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Retiring Abroad As A British Expat

Retiring Abroad As A British Expat

If you are looking to invest as an expat or high-net-worth individual, which is what I specialize in, you can email me (advice@adamfayed.com) or use WhatsApp (+44-7393-450-837).


Are you planning on retiring abroad as a British expat?  Thousands of Britons dream of retiring abroad. Many people who have paid taxes into the UK tax system are now expats, including hundreds of thousands of British seniors.

You must, however, be aware of how moving abroad can impact your pension. There are numerous expat pension choices, but not all of them will suit you.

This guide discusses how to receive your pension if you reside abroad. Learn how UK employment, private, and state pensions operate for British expat retirees abroad.

Implications to UK Pension when Retiring Abroad as a British Expat

Historically, the international rankings of the UK pension system have been very high. Since April 2016, there have been new pension regulations in the UK that include automatic enrolment for employer pension plans.

Additionally, both the legal retirement age for men and women in the UK has gradually risen. If you’re planning a retirement in the UK, the new state pension will give you with enough money and a good standard of living. But what if you want to retire abroad?

The UK Pension System

How does the UK pension system work when retiring abroad as a British expat? National Insurance (NI) contributions serve as the foundation for the UK State Pension.

NI is a kind of tax that can be withheld from wages at the source. Additionally, those who work for themselves might contribute voluntarily. You need a National Insurance number in order to pay NI.

The system depends on the working population being larger and making greater contributions than the state pension is deducted. Foreign nationals who work in the UK must apply for one.

Retiring Abroad As A British Expat
British pensioners. Image from Age UK.

Who is eligible for UK State Pension?

Normally, you must have paid NI contributions for at least 10 years (not necessarily consecutive) in order to be eligible for the UK State Pension. The amount of your pension then relies on how many years you have made contributions.

You must have 35 qualifying years of NI contributions in order to receive the full State Pension, which is presently worth £179.60 per week. If you don’t have this much, though, you might be able to supplement it by giving it voluntarily.

When to pay National Insurance contributions?

  • Employees who make more than £184 per week must begin paying NI.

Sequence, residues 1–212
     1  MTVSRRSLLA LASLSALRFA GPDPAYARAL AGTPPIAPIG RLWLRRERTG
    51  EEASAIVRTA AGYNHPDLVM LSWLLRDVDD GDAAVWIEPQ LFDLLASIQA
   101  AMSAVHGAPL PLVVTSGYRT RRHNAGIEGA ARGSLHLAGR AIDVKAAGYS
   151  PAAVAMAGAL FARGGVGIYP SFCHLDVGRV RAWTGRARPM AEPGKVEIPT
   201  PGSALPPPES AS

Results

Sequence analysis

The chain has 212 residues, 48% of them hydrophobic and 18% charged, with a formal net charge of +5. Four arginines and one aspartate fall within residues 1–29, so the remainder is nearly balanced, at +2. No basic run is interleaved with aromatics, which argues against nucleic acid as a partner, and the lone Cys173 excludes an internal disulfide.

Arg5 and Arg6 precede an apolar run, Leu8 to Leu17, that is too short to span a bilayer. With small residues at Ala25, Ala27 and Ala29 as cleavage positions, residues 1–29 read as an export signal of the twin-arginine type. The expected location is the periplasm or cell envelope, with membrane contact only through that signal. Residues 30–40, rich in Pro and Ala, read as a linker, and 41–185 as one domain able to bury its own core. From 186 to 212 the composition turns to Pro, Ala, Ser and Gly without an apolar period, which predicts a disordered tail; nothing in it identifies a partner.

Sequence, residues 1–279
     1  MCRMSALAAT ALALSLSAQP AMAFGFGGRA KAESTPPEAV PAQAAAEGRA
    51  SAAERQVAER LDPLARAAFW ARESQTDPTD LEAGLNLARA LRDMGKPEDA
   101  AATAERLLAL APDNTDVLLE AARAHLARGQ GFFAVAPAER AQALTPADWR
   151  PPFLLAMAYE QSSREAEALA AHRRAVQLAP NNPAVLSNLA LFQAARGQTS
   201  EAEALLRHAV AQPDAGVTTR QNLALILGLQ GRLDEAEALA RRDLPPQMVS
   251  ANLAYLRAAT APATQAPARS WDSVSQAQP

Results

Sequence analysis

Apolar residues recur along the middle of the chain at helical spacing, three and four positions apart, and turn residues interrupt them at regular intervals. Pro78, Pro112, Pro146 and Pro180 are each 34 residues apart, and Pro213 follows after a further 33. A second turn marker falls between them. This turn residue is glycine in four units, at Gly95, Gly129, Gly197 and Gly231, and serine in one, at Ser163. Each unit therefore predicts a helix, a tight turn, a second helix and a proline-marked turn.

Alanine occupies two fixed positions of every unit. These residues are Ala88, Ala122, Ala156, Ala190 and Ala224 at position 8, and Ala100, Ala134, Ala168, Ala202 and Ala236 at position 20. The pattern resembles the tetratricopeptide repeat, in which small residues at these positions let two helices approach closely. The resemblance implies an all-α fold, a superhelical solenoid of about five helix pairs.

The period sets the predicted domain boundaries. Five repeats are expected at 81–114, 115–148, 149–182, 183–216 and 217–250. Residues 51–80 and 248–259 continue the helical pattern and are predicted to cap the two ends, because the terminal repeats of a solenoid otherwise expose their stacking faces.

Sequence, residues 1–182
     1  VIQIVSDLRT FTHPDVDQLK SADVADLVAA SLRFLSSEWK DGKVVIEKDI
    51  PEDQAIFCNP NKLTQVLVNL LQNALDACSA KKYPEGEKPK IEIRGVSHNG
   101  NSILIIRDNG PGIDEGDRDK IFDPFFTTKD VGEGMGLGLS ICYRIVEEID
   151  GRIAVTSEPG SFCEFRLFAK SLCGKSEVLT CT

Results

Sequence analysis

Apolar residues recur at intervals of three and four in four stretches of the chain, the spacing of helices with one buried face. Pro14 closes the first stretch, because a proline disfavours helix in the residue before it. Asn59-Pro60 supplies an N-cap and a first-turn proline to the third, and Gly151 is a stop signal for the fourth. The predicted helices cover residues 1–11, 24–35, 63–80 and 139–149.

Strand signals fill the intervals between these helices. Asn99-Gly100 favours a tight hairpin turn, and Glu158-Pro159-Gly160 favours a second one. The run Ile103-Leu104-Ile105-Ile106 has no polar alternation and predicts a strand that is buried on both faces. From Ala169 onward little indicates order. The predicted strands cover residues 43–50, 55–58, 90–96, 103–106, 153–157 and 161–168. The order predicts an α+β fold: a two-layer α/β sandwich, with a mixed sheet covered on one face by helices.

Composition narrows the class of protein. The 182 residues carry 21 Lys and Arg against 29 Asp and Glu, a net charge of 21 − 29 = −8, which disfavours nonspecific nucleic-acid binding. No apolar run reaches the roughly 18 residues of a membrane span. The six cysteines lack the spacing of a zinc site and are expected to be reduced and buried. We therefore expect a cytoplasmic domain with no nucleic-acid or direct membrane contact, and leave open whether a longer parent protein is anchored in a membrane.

• Contributions from those making between £120 and £184 per week are regarded as paid.
  • If a self-employed person’s annual profit is £6,515 or more, they are required to pay NI.

How old must I be to qualify for the UK State Pension?

You may be eligible for the state pension at any age between 65 and 68, depending on when you were born.

In the UK, there is no set retirement age, and you are not required to apply for a pension as soon as you meet the requirements.

In fact, by delaying your claim, you can maximize your compensation. You’ll need to check, but some workplace and private pensions may let you start taking withdrawals at age 55.

Am I still eligible for a UK state pension if I’m retiring abroad as a British expat?

You can collect your UK State Pension from any country in the globe, but how much you get depends on where you go and whether the new country has a social security agreement with the UK.

You may not receive the same tax break on contributions as you would in the UK if you relocate overseas before retiring and keep making payments to a UK private pension.

How does moving overseas affect your UK pension?

The UK State Pension will be affected depending on which country you move to.

If you relocate to a country in the European Economic Area (EEA), Gibraltar, Switzerland, or a nation having a social security agreement with the UK, but not Canada or New Zealand, your social security benefits will rise every year.

The UK State Pension will be frozen at the same rate as when you initially became eligible for the pension or, if you were a pensioner already, the day you left the UK. Nearly 500,000 individuals are said to be receiving a frozen UK State Pension. Most of them (84%) reside in Australia, Canada, and New Zealand, which are among the top destinations for British expats.